Macbeth of Fire and Ice at the Arcola Theatre
It’s a strange truth that Macbeth – The Scottish Play – is predominantly performed without even the hint of a Scotch accent from the cast. Such is also the case in Macbeth of Ice and Fire, but the English actors are joined by an Icelandic production team (featuring no less than four Thors) and no shortage of accompanying Norse mythology.
The story remains untouched: upon hearing a prophecy from a cabal of witches that he is to be king of Scotland, Macbeth sets out to speed up the process – topping everyone above him socially before getting his comeuppance.
Director Jon Gun Thor reinterprets this story from a Nordic perspective – or rather, he sort of does. The odd heathen monologue and incantation to Thor aside, this is Macbeth as it has very much been seen before. That a pagan reading of Macbeth isn’t even slightly justifiable academically is by-the-by: the idea fits. The execution, however, is undercooked.
The great Eddic tales of Scandinavia mirror Macbeth with alarming likeness. In Völuspá Odin learns his fate from a taunting seeress and becomes obsessed. Elsewhere the fierce maiden Guðrun incites men to kill against their better judgment by questioning their masculinity. These characters are Macbeth and Lady Macbeth in all but name. What a shame, then, that director Thor serves up Norse-lite when the full-fat version could have been so glorious.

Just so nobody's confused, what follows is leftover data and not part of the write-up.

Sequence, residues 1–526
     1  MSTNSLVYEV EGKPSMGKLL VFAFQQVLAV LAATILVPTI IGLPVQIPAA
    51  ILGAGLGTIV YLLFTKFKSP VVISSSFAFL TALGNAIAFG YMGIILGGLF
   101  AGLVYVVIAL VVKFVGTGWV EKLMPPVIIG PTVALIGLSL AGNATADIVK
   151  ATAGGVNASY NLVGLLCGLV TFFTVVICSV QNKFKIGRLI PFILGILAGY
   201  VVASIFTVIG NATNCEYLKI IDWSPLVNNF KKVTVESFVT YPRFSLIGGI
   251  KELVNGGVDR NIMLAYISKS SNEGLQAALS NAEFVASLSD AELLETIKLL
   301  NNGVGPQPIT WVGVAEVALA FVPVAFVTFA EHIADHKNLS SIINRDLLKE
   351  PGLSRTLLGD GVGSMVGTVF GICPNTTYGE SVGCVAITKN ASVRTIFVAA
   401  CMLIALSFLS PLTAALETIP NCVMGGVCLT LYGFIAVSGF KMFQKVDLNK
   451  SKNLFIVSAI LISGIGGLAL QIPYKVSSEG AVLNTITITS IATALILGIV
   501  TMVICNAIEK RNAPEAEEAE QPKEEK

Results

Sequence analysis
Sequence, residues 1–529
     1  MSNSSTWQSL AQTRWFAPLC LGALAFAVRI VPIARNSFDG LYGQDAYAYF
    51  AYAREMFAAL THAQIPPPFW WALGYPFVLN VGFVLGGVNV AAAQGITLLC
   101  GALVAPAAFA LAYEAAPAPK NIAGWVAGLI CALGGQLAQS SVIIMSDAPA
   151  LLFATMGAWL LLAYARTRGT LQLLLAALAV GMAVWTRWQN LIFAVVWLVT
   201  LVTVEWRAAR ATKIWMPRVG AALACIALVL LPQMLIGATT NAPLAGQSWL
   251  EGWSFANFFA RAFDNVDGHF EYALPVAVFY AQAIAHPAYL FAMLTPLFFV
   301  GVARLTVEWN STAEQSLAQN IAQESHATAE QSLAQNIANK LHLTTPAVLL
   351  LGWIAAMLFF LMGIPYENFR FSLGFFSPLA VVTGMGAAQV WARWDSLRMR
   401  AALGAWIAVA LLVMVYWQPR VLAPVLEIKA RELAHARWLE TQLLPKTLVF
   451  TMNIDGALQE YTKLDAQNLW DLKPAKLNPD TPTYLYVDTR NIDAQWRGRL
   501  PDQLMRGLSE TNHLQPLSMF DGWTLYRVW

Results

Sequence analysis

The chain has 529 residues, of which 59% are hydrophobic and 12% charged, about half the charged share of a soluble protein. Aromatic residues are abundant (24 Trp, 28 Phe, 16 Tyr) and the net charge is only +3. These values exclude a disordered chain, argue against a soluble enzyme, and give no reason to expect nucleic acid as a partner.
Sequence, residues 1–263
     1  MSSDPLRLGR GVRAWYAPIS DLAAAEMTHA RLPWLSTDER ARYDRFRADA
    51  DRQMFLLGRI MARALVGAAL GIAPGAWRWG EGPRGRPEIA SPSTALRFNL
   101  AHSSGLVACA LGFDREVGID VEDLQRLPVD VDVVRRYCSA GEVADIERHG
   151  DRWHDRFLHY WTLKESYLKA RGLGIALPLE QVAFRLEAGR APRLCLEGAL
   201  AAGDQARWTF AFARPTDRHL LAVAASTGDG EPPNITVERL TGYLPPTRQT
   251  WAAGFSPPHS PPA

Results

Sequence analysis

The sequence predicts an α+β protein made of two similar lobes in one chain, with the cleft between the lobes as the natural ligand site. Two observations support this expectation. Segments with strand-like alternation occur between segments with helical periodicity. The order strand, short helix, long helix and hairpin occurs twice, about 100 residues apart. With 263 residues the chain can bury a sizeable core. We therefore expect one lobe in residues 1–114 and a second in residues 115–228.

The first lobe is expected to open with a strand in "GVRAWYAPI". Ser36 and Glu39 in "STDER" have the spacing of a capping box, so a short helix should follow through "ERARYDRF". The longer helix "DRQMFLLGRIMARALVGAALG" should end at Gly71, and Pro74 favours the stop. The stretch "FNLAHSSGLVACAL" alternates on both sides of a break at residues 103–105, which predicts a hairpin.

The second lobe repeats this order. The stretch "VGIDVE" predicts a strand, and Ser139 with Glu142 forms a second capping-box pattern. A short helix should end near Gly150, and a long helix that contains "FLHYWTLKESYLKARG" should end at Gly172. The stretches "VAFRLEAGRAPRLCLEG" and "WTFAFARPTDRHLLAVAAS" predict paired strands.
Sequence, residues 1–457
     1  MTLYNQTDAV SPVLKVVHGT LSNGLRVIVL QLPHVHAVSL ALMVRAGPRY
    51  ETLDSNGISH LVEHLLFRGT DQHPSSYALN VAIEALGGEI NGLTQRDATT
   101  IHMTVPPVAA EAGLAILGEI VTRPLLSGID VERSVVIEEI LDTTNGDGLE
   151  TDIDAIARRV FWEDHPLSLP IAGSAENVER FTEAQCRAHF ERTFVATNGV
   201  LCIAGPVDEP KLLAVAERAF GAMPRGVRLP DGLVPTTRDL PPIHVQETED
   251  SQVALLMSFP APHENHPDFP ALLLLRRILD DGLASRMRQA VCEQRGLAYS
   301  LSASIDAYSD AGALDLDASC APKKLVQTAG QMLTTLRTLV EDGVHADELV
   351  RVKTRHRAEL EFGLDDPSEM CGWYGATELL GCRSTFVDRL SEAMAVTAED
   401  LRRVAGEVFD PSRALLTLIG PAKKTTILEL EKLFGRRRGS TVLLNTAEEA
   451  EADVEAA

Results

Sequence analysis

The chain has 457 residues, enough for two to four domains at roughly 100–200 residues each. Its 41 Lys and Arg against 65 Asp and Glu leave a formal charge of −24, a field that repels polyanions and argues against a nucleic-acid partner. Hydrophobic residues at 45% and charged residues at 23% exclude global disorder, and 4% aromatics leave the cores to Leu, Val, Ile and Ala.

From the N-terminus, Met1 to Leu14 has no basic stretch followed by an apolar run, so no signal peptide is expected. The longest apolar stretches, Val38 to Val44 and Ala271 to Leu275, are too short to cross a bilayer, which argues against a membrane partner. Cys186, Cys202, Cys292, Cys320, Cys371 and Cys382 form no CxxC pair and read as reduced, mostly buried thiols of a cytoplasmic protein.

Which is not to say that there isn’t plenty to recommend this production: visually gorgeous (with fire, sinister masks, corn-syrup bloodbaths and up-close brawls), Thor has thought a lot about the look of the play and used the versatile space of the Arcola to great effect. Hannes Thor Egilsson’s turn as movement director imbues the fight scenes with a vital immediacy, and Harry Napier’s musical accompaniment lends something of the epic soundscape to the play. Mark Ebulue delivers Macbeth’s iambic verse with a natural delicacy, Alex Britton’s Macduff is show-stealing and Molly Gromadzki’s Lady Macbeth is every inch the seductive plotter that she should be – even if her performance errs on the shouty, un-nuanced side.
Trimming Macbeth down to a sprightly hour and a half is not so much an exercise in cutting as wildly hacking with a Viking broadsword. This focuses things, crassly at times with entire subplots lost, but it serves the play well as a whole. Macbeth of Fire and Ice is fast and aggressive – indeed, perhaps it could do with a little more ice and a little less fire.
Photos: Rah Petherbridge
Macbeth of Fire and Ice is at the Arcola Theatre until 16th November 2013. For further information or to book visit the theatre’s website here.